Although there are so many technological tools available now to help us women get pregnant, we are forgetting the only necessary equipment we actually need are our bodies! We are already capable of being our own ovulation calculators.
The best way to make the most of this is to learn how our body works, and how pregnancy can be achieved based on our natural cycles. Understanding the menstrual cycle and the mechanism of ovulation are the keys to getting this information. This may not be as quick as using the ovulation predictor/calculator, but will be more rewarding and hopefully more successful in your objective to get pregnant.
As mentioned above, the first step to take is to learn about the menstrual cycle. A normal, healthy woman that is not taking any form of birth control and is on a regular cycle will have a period between every 28-34 days. The first day of her period is the first day of the cycle, and from this day up to 28-34 days before the next period makes one cycle.
The cycle is divided into a pre-ovulation period and post-ovulation period. Pregnancy only occurs when there is ovulation, or the release of egg by the ovary. If there is no egg released, there is no chance of getting pregnant.
The most fertile time is in the few days preceding ovulation. Once the egg has been released and ovulation has occurred, pregnancy cannot happen in that particular cycle anymore.
Now that you know what is required to get pregnant, the next step is to find out which days in your own cycle should be the time to try getting pregnant. Given a regular 28-day cycle, it is logical to assume that ovulation occurs right in the middle, so day 14 would be the estimated date of ovulation. But because each one of us are not equally the same, so it is with our menstrual cycles and ovulation days.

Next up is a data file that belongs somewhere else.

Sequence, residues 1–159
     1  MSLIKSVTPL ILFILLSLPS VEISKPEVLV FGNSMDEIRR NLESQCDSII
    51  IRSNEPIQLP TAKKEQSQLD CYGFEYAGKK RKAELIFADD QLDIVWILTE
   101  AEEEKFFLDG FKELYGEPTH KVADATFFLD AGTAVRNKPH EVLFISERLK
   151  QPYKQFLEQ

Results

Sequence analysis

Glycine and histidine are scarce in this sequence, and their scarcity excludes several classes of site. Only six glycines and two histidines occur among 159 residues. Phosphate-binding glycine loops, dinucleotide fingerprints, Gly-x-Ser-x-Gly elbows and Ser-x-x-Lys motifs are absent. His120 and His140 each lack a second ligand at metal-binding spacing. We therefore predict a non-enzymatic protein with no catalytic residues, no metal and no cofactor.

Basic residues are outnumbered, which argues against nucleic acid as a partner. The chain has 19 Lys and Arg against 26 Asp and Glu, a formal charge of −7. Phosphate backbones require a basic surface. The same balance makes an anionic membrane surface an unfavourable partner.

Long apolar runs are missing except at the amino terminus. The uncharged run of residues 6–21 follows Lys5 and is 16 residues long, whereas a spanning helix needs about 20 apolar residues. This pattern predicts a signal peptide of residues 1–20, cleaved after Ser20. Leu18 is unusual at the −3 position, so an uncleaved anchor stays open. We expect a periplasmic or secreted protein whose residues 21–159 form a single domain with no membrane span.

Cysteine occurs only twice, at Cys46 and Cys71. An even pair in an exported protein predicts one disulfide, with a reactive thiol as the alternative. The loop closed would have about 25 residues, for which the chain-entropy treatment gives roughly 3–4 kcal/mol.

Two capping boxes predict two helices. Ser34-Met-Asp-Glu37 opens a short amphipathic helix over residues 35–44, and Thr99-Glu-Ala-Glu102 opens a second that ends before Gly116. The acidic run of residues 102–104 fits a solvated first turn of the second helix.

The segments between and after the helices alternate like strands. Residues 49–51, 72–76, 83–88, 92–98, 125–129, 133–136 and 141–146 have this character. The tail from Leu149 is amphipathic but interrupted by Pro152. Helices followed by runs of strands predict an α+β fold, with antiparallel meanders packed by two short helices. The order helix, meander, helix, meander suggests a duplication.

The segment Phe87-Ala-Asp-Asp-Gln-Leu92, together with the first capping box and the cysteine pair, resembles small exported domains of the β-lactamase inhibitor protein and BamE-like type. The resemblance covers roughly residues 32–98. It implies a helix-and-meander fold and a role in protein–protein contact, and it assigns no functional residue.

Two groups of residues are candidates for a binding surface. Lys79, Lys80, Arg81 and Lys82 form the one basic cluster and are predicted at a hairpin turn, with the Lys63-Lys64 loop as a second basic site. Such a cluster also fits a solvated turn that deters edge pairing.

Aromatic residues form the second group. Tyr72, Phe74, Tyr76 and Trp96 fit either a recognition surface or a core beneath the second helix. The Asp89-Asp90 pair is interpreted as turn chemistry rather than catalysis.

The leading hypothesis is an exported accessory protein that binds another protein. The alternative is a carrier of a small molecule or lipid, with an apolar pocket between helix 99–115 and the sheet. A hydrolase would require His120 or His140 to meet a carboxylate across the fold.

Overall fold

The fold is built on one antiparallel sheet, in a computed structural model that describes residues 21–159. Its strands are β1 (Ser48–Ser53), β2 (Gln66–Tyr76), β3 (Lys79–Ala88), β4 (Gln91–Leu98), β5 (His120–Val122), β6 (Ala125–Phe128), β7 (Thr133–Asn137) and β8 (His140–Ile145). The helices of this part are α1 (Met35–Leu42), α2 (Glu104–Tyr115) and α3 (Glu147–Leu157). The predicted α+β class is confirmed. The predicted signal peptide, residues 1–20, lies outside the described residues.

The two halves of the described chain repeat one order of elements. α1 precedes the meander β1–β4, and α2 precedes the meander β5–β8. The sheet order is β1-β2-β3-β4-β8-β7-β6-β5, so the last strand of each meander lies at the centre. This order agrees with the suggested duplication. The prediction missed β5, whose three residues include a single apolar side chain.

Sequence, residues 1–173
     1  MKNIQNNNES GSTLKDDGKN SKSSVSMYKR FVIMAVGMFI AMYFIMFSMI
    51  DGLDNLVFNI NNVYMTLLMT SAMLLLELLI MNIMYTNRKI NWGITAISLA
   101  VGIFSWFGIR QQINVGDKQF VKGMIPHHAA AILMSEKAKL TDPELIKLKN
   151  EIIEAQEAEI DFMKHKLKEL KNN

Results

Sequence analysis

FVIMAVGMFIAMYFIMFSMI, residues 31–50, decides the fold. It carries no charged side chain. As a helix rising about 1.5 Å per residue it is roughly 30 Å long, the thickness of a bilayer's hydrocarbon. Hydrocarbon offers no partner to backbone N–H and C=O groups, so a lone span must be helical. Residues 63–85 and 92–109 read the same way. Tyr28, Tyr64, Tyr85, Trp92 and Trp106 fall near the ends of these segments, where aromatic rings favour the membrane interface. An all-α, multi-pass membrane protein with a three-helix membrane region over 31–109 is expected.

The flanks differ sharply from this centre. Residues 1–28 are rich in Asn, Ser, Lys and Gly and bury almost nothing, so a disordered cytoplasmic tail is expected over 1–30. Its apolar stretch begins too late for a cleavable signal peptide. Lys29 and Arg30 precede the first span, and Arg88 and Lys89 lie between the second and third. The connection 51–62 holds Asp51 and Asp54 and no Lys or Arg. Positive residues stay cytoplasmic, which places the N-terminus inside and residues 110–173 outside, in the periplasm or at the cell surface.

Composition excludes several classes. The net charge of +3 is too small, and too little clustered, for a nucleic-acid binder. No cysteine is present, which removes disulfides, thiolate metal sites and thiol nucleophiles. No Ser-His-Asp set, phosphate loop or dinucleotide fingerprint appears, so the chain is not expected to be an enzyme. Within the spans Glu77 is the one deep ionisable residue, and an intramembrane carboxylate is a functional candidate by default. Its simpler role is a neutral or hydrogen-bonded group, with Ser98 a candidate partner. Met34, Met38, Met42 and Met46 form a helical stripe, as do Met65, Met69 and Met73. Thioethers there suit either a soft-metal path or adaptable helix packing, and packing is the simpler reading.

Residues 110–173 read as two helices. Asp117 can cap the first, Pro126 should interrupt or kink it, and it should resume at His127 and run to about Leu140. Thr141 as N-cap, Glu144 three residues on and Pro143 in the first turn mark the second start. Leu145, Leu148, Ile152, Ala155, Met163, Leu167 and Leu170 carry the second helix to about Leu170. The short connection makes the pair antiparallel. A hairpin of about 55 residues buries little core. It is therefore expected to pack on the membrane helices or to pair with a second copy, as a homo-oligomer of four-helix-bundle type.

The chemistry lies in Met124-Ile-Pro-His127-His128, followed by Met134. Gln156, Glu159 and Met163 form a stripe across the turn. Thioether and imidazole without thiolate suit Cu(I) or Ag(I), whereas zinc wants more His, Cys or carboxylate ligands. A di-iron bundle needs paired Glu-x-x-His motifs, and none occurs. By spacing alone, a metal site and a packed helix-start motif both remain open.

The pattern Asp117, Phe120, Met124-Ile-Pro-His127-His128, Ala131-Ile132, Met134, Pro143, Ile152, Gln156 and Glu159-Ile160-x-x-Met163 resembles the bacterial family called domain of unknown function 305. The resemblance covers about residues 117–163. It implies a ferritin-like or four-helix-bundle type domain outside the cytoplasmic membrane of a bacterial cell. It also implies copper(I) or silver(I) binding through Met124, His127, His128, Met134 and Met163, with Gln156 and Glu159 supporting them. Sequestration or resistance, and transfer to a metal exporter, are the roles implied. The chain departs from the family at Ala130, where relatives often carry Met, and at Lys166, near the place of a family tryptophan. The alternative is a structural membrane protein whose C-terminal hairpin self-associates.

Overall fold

Some women ovulate earlier than day 14, some after. So instead of pinpointing the ovulation day to an exact date, it is best to expand the days and make it an ovulation period, which is usually a few days before the middle day, and a few days after.
A more accurate way to tell is to look out for signs that you are about to ovulate. One method involves observing and charting the quality of your cervical fluid. Although, most women experience having no fluid, or maybe just a scant, sticky kind of fluid.
As you go nearer to ovulation, the fluid changes to a thicker and a bit wetter sort of fluid, resembling lotion for some. There is some variation in the fluid preceding ovulation, but the key is to be aware of when the shift to pre-ovulatory occurs.
In order for sperm to be able to survive in the unfamiliar vagina and get to the released egg, it needs a nourishing environment. The fluid outside the period of ovulation is not a good one for the survival of the sperm.
But, around ovulation time, the fluid produced by the cervix is copious and stretchy. It can keep the sperm alive for up to 5 days before ovulation even happens.
So the key is to observe the fluid and a clear stretchy, “egg white” fluid indicates you are entering your fertile phase and will likely release an egg soon.
The clear, stretchy fluid can resemble mucus coming from your nose, and is a very good healthy sign that your egg is coming! Sometimes the fluid can be blood streaked, and this is a greater sign of fertility.
Some people experience pre-ovulatory muscle cramps. Some get sore breasts. These are all individual signs that you should be more observant of. Given all these clues, who needs those ovulation calculators? Just listen to and observe your body!
Click here to know more about your ovulation cycle.
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